Michigan, where unemployment is 10.3 percent, leads the nation with about 1,600 home listings advertising seller financing, according to Trulia Inc., a San Francisco real estate information company. It is followed by Florida, Ohio, California, Wisconsin, Minnesota and Texas. Currently the unemployment rate in California for April is 11.9 percent. Last year, 52,991 U.S. homes were purchased with various forms of owner financing, up 56 percent from 2008, said Realtors Property Resource LLC, a subsidiary of the National Association of Realtors, citing data collected from county record offices. Such deals accounted for 1.5 percent of all transactions in 2010.

“Anytime the market is in this much trouble, people have to find ways to get it to function,” said Dennis Capozza, a professor of finance at the University of Michigan in Ann Arbor. Capozza has direct experience with seller financing: He purchased a friend’s foreclosed home a couple years ago and allowed him to buy it back in installments. Home sales, weighed down by a 9 percent national jobless rate and tight credit, have languished even as 30-year mortgage rates remain below 5 percent. Loans insured by the Federal Housing Administration carried an average FICO score of 703 in March, compared with 629 two years earlier, highlighting that lenders are requiring stronger credit histories. FICO scores range from 300, the least creditworthy, to 850 for the best borrowers.

“The market is locked up because there’s no financing,” said Gordon Albrecht, executive vice president of FCI Lender Services Inc., an Anaheim Hills firm that oversees mortgages for private investors. “This is moving houses.” Market data was provided by Bloomberg News.  We have a lot of issues here in California, which the greater Lodi area is obviously a part of. Many would be home buyers have developed a history of credit problems, foreclosures or short sales in the past few years. Home prices have continued to settle and we often have problems with appraisals coming in below value on purchases. With interest so low, many investments like CD’s offer very low return and others can be risky. Seller financing may be a viable option to consider for homeowners with a lot of equity.

“I believe sellers are going to have to understand that if they want to obtain the price that they’re looking for, they may have to consider seller financing as an integral part of the transaction,” says Dean Bachelor, chairman and founder of the Platinum Group, a private-equity firm from Eden Prairie, Minnesota. Have you been in your home a long time and counted on your property to be your retirement or nest egg? Carrying the financing can usually help you sell quicker, get closer to your price and have income with interest. If you want to discuss your options always consult a Realtor.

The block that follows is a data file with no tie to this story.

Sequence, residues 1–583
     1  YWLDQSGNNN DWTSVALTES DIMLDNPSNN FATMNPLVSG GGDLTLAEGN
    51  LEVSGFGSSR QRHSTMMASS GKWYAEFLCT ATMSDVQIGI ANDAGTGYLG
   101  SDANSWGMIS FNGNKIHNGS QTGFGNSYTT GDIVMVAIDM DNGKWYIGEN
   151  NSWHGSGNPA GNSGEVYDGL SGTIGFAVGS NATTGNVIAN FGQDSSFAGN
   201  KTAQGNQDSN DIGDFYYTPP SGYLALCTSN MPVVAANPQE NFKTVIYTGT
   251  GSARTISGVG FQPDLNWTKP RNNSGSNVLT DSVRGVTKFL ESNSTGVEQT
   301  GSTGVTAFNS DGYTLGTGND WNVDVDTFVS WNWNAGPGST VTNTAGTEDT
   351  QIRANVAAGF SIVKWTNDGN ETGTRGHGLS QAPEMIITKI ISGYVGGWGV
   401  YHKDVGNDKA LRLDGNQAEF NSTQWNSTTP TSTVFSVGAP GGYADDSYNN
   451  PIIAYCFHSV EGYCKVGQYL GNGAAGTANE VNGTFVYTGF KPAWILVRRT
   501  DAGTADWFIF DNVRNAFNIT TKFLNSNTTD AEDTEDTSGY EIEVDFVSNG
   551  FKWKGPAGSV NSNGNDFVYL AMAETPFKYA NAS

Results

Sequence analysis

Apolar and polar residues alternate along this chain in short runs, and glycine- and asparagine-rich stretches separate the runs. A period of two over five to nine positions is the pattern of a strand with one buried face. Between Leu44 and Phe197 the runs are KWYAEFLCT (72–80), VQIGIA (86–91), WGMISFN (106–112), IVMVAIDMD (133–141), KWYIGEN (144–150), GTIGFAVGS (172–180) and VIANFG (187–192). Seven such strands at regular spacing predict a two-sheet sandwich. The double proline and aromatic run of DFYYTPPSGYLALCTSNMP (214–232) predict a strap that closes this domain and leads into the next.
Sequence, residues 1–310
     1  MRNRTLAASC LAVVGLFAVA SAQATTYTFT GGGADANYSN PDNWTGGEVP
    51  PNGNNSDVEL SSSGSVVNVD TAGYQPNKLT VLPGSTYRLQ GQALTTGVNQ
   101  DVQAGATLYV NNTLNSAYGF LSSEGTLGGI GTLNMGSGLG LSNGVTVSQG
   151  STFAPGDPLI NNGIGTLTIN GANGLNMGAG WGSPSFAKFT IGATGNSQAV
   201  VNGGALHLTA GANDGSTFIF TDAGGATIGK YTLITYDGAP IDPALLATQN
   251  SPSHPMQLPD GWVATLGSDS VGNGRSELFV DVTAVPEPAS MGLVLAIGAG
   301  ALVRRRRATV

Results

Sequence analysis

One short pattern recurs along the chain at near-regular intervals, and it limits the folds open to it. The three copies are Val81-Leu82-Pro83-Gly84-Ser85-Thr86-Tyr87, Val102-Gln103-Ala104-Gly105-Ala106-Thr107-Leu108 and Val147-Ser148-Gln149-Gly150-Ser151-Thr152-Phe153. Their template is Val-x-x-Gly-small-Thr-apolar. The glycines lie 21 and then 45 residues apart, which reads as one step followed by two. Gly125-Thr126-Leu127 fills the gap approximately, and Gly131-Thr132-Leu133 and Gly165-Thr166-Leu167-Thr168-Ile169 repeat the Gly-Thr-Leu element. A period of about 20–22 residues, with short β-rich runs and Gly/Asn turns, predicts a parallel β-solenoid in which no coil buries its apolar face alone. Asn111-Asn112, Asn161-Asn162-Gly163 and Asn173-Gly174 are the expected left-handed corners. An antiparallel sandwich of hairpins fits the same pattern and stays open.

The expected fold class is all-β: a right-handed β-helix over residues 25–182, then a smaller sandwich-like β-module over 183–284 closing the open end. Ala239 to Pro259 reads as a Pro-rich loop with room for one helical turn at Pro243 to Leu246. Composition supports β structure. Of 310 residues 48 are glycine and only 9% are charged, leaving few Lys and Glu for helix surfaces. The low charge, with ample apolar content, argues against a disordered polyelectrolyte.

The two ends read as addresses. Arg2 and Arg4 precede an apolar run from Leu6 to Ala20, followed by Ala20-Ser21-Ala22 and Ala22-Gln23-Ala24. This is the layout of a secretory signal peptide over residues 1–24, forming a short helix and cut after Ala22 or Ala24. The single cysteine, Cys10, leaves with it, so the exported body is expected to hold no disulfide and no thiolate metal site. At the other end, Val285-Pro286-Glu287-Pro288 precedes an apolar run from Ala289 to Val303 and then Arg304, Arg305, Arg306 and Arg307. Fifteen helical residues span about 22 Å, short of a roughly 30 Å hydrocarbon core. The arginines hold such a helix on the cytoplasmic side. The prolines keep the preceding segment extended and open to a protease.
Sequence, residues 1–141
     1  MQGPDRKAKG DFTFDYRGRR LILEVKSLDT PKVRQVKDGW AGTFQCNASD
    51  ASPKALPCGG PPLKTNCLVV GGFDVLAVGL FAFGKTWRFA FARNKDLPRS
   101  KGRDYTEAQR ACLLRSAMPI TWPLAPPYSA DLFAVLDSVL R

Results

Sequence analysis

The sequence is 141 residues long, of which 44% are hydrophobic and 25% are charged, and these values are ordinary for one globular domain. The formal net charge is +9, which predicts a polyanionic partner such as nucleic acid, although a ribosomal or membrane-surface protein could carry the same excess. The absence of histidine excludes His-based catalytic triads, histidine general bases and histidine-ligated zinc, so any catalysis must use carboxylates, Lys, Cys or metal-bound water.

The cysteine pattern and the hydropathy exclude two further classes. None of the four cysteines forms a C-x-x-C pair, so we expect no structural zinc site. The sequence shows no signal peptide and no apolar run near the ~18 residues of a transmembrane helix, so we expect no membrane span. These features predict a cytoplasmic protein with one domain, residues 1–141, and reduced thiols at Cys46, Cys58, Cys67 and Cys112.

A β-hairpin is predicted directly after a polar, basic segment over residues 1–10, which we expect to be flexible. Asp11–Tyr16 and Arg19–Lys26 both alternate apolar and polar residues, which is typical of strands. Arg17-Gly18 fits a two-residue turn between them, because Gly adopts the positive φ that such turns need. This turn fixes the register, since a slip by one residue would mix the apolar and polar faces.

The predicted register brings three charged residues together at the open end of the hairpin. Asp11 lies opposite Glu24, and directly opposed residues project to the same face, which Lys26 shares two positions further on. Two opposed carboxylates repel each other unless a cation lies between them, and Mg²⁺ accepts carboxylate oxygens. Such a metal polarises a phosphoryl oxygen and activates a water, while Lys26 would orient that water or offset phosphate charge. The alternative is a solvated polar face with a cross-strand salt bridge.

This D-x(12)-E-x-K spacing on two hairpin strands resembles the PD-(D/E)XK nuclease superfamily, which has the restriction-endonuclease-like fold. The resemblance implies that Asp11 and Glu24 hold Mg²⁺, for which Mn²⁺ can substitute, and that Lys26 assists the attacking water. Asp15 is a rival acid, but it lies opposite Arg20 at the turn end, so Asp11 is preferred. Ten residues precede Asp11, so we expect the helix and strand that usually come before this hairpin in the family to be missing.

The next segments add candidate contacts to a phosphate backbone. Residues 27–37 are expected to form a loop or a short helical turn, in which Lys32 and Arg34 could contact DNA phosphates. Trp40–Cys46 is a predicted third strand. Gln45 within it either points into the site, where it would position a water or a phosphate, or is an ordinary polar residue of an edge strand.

Questions or comments can be made to Kerry Suess at larpres2011@yahoo.com.

More about

More about

More about

Rules of Conduct

  • 1 Use your real name. You must register with your full first and last name before you can comment. (And don't pretend you're someone else.)
  • 2 Keep it clean. Please avoid obscene, vulgar, lewd, racist or sexually oriented language.
  • 3 Don't threaten. Threats of harming another person will not be tolerated.
  • 4 Be truthful. Don't lie about anyone or anything. Don't post unsubstantiated allegations, rumors or gossip that could harm the reputation of a person, company or organization.
  • 5 Be nice. No racism, sexism or any sort of -ism that is degrading to another person.
  • 6 Stay on topic. Make sure your comments are about the story. Don't insult each other.
  • 7 Tell us if the discussion is getting out of hand. Use the 'Report' link on each comment to let us know of abusive posts.
  • 8 Share what you know, and ask about what you don't.

Welcome to the discussion.

Loan Calculator

Mailing List

Subscribe to a mailing list to have daily news sent directly to your inbox.

  • Breaking News

    Would you like to receive breaking news alerts? Sign up now!

  • News Updates

    Would you like to receive our daily news headlines? Sign up now!

  • Sports Updates

    Would you like to receive our daily sports headlines? Sign up now!

Manage Your Lists